To help you play and feel better, one of the nation's most renowned physicians answers health questions submitted by readers to Golf.com
Dr. Oz, I always take a cart when I play golf. My wife thinks that does nothing for me, but something is better than nothing, right?
You're partially right one study showed that just swinging a club for 18 holes burned an average of 411 calories. Moreover, the swing is great for your trunk muscles, particularly your obliques. But I agree with your wife and suggest you ditch the cart. Studies show that one walking round equals about 10,000 steps, which meets the daily physical activity recommendation of 2.5 miles. Moreover, if you walk and carry your clubs, you burn more than 700 calories.
I run and strength-train almost every day. Is this detrimental to my game?
Running is a great way to improve your cardiovascular health and endurance and it will help you keep up your energy and focus through those important last holes in a round. But by far the best exercise you can do for golf is strengthening your rotator cuff muscles. Try this simple shoulder exercise: Lie on your side with your arm bent at a 90-degree angle and a 3-pound weight in your hand and rotate your arm up to the sky. Repeat this movement 12-15 times with each arm.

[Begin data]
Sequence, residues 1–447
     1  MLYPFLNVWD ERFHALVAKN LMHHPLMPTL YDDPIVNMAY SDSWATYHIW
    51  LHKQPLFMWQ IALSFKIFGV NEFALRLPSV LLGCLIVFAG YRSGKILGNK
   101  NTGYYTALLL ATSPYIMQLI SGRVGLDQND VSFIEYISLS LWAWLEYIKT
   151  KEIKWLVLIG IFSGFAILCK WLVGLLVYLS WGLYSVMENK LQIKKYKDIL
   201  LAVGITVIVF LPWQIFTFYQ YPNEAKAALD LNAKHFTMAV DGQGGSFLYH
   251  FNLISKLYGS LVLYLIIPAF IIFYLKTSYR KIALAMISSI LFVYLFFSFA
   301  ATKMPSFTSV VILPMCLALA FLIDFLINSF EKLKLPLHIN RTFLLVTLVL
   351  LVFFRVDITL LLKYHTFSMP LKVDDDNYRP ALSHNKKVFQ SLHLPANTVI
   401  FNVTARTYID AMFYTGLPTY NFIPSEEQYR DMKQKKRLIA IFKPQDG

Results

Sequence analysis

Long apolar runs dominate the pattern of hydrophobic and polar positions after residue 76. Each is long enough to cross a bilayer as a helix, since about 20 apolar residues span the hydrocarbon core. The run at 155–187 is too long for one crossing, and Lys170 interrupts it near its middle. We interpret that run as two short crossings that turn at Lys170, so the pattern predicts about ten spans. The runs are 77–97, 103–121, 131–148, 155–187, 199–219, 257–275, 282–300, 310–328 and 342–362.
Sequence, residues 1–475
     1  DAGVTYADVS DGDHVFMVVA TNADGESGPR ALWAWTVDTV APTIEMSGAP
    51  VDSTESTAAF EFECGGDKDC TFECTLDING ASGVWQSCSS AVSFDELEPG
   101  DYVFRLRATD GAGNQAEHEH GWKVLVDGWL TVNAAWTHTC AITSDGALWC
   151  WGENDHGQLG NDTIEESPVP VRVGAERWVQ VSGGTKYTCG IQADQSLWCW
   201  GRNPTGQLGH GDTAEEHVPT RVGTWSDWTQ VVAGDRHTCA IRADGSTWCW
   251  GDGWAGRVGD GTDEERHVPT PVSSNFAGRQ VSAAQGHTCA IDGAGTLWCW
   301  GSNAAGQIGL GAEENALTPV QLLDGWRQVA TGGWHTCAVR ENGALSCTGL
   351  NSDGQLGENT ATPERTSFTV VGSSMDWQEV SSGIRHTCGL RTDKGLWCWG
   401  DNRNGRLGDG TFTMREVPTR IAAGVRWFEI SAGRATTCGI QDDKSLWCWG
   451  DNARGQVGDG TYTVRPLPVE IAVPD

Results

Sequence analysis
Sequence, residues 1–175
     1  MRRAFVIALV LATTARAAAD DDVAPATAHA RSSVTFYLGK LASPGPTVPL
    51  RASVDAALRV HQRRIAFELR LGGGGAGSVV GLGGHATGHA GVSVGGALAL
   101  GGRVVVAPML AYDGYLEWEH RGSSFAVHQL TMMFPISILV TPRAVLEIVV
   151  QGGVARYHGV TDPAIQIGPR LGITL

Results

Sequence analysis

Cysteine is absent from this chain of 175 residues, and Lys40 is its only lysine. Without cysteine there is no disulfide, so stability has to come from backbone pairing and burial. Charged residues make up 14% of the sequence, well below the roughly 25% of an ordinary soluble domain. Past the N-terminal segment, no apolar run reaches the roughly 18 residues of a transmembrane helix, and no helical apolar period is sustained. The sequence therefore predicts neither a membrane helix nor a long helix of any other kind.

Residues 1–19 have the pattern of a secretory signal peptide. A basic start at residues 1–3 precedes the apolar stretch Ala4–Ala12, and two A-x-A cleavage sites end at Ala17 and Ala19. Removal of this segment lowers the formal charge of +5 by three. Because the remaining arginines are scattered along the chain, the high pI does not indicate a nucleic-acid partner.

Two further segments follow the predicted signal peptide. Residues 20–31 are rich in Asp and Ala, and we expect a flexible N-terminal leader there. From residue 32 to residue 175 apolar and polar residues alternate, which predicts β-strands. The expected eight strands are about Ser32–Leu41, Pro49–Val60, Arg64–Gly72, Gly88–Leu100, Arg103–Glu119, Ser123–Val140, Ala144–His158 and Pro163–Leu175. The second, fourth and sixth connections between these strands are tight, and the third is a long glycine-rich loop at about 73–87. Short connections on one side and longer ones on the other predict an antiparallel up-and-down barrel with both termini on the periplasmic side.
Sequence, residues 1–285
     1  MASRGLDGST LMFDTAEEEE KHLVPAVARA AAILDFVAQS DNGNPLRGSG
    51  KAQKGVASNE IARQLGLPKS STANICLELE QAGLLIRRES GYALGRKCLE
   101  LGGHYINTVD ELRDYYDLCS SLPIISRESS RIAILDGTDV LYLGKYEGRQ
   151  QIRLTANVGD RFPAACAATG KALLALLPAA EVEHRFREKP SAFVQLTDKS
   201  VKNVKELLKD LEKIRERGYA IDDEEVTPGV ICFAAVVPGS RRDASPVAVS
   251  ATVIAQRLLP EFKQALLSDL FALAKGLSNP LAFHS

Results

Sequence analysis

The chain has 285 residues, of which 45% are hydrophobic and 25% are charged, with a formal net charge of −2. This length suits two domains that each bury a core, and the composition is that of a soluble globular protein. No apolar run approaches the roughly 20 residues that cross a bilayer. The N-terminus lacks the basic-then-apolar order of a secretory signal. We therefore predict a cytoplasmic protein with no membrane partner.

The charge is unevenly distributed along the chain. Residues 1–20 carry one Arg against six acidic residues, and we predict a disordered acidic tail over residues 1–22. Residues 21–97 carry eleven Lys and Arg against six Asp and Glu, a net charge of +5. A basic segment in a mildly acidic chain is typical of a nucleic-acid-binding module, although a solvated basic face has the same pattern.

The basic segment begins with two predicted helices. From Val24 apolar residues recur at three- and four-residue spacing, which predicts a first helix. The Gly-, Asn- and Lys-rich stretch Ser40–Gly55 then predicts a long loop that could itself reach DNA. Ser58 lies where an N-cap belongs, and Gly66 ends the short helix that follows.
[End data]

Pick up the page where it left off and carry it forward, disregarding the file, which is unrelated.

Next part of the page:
Like Phil Mickelson, I've recently begun feeling the effects of arthritis in my case, in my hands and wrists. Will this end my days as a golfer? How can I stave off the effects?
Arthritis results in painful inflammation, swelling, and stiffness that limit movement. Anti-inflammatory medications such as ibuprofen, aspirin, and naproxen can relieve occasional pain. These can be harmful if taken regularly, however, so don't consider them a long-term solution. Another option is a combination of glucosamine and chondroitin, natural supplements that can reduce pain caused by osteoarthritis and maybe even repair cartilage. For a natural way to relieve pain, try hot-wax dips or icing joints. To prevent future damage, keep your joints active and strengthen the muscles around your hands and wrists. Strong muscles keep joints from rubbing against one another, which wears down cartilage. Check with your doctor for a proper diagnosis and a long-term treatment plan.
Dr. Mehmet Oz, 50, who was named one of the world's most influential people by Time Magazine in 2008, hosts the syndicated 'The Dr. Oz Show.' For more information, visit DoctorOz.com.